Published on February 10th, 2015 | by Luis Jose Perez Calderon


Near-certain victory in Rock-Paper-Scissors

Finding yourself in a game of Rock-Paper-Scissors (RPS) is not uncommon and can be nerve-wracking if the game is lost. So on that note, here we’ll provide you with some history and trivia on the age-old game and an optimal strategy to maximise your chances of winning.

Who invented Rock-Paper-Scissors?

RPS is thought to have originated in China over 2000 years ago and there are references of the game in Japan under the name of “mushi-ken”. The game involved the same set of rules (i.e. three actions with non-transitive dominance relations) but used animals (frog, slug and snake) instead of the contemporary stationary material and geological solids. Textual evidence of its arrival to the west is controversial and hypotheses of games created in Europe of equal mechanics are subject to debate (Scandinavian, French, Celtic, etc.).

It’s all about strategy.

A team of Chinese researchers published a study aiming to determine human behavioural strategies towards zero-sum (gains of one participant are balanced by the losses of the other) games such as RPS. There is debate as to what mathematical approach best describes the RPS game system. This debate is limited by a lack of real life scenarios analysed and that is where this research project comes in. An experiment was conducted in which 360 students from the Zhejiang University participated in tournaments of RPS. The students were then paired to play 300 games of RPS (yes, three hundred), which took between 1.5 and 3 hours. To incentivise competitiveness, students were paid in cash a proportional amount to their victories achieved (who would go through such torture otherwise?).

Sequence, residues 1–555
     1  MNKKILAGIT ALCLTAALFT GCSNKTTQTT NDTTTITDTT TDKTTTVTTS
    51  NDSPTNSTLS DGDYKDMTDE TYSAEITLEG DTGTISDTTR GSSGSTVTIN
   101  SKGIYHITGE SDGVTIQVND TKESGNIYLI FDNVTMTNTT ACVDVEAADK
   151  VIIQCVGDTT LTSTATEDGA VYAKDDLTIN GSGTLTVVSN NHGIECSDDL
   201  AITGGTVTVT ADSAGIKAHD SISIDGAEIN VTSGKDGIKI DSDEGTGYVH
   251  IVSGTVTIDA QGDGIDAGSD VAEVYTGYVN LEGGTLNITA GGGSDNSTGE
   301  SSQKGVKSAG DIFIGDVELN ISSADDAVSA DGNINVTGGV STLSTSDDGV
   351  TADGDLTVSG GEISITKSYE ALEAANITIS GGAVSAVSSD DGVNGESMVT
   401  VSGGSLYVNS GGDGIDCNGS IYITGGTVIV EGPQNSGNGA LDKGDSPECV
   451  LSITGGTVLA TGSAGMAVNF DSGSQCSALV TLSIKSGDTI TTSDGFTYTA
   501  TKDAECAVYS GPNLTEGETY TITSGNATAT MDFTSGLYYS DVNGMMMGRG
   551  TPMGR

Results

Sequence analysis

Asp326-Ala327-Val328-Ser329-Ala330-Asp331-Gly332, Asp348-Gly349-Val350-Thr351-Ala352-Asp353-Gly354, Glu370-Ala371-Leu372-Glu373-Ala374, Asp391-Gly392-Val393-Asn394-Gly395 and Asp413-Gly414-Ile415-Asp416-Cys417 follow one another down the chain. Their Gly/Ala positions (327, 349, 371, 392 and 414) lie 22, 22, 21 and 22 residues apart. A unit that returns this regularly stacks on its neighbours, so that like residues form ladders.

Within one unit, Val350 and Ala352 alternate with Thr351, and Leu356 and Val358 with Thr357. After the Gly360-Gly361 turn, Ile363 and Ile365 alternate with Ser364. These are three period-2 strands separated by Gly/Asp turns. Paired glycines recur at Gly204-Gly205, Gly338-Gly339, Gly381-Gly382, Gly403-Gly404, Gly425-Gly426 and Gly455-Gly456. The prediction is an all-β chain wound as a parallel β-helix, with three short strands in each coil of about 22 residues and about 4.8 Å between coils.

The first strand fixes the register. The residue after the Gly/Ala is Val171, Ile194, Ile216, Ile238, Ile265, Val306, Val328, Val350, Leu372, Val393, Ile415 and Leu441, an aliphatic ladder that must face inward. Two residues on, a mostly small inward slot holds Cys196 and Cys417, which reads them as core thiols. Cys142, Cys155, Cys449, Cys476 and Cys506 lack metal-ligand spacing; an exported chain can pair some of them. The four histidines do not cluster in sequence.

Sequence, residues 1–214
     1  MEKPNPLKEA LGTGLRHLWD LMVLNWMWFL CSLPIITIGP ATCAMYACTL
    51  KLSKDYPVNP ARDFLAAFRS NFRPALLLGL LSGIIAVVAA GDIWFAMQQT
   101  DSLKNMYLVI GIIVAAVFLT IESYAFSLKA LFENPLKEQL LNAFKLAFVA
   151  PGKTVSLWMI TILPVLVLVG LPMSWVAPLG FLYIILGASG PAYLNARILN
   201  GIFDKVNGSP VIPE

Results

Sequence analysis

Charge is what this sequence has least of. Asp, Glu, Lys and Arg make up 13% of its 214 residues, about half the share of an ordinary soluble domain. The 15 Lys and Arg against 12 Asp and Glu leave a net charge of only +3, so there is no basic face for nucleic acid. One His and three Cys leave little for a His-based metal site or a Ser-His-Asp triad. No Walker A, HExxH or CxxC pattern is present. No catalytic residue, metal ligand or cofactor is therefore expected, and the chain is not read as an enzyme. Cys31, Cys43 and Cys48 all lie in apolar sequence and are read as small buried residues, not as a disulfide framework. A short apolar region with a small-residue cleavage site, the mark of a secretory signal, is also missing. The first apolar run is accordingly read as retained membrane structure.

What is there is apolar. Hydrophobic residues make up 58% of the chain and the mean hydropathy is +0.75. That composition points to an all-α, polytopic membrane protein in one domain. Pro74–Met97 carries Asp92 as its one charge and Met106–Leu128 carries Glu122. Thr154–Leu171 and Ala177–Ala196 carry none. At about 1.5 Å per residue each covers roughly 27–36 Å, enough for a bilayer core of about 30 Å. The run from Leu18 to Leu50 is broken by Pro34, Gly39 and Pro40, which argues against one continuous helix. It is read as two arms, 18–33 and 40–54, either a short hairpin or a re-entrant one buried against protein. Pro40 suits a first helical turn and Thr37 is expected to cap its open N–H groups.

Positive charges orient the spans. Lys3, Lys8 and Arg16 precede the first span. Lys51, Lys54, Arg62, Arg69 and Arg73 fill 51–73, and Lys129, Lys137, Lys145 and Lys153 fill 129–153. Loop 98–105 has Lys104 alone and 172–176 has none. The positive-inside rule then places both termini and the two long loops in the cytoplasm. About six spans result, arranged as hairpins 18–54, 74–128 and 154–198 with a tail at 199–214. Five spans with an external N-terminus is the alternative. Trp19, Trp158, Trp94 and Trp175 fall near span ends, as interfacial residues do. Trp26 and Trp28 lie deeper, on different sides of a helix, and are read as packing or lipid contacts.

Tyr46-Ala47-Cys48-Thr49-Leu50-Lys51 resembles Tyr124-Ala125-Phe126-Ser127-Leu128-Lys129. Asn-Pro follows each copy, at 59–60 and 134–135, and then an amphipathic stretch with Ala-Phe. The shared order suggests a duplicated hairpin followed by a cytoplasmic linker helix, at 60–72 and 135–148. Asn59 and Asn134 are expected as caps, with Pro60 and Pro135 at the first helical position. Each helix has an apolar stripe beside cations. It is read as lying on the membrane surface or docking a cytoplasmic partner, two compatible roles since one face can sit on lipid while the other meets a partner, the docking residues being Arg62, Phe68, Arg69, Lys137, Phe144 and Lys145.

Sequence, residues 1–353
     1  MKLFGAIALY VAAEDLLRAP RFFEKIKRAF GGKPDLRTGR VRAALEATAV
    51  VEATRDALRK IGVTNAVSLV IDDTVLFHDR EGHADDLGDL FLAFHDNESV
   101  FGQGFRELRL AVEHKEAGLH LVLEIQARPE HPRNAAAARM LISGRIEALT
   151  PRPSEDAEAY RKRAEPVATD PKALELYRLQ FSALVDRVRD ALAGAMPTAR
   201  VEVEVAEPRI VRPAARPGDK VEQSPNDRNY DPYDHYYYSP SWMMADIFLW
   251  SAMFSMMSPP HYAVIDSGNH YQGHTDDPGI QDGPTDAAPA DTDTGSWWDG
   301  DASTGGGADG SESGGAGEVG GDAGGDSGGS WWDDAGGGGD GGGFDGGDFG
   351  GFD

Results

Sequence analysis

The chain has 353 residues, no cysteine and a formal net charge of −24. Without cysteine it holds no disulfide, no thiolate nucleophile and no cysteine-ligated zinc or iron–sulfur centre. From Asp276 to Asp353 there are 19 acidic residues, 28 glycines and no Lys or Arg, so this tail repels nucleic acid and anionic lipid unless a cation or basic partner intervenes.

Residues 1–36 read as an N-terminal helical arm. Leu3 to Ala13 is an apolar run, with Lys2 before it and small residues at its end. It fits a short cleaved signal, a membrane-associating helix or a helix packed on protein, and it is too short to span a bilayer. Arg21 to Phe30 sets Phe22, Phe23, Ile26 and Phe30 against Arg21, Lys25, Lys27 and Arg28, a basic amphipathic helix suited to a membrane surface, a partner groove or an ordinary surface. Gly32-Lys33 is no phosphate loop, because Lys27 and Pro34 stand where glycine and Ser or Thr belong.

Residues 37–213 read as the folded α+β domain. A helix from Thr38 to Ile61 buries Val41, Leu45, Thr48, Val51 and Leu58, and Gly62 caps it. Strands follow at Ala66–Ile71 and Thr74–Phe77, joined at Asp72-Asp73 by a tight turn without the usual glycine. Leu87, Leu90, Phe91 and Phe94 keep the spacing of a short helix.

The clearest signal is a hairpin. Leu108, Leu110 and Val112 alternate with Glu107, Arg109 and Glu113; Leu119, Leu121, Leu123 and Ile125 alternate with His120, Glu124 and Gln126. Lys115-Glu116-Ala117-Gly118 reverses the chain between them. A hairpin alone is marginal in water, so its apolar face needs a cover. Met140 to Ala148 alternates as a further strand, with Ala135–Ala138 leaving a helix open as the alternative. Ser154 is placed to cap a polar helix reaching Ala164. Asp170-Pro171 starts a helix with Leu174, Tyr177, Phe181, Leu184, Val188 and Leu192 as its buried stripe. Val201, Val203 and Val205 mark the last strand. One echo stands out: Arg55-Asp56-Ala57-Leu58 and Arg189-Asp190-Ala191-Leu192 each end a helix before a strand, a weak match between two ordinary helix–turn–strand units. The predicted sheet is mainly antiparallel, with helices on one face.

Are our choices as random as we think?

rock-paper-scissors-handsIf you were to have RPS matches against a computer, there is no strategy other than playing rock, paper or scissors at random. However, humans display irrational behaviour when it comes to games of chance. The results revealed interesting patterns, which can be applied in real life RPS scenarios and give you better odds in competition. In a first instance, if a match outcome was favourable (i.e. victory), the typical strategy that most students followed was to repeat the same move, if you win with scissors, you will most likely win again if you use scissors, right? No. Secondly, if a match outcome was unfavourable (i.e. defeat), most students changed their choice for the next round.

The winning formula

Based on the results, to maximise your chances of winning subsequent games of RPS you have to follow the following strategy: If you just lost a game, you need to play what was not played in that match. For example; if you used paper and your opponent used scissors, you need to switch to rock, because the chances are that your opponent will use scissors again (because they just won and most likely keep their strategy). If you win a game, you need to use what your opponent just used. For example, if your opponent played rock, you need to play rock (because they just lost and will most likely change their strategy).

Hopefully this has broadened your understanding of random chance games and will make you a likely winner of future RPS games. If you come up with better strategies, please do let us know as we too want to maximise our chances of winning at RPS!

Featured image from Wikimedia Commons.

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About the Author

I'm a PhD student at the University of Aberdeen studying deep sea oil spills and hydrocarbon entrainment in marine sediments in a biogeochemical context. This basically means that I get to play with oil and sand.

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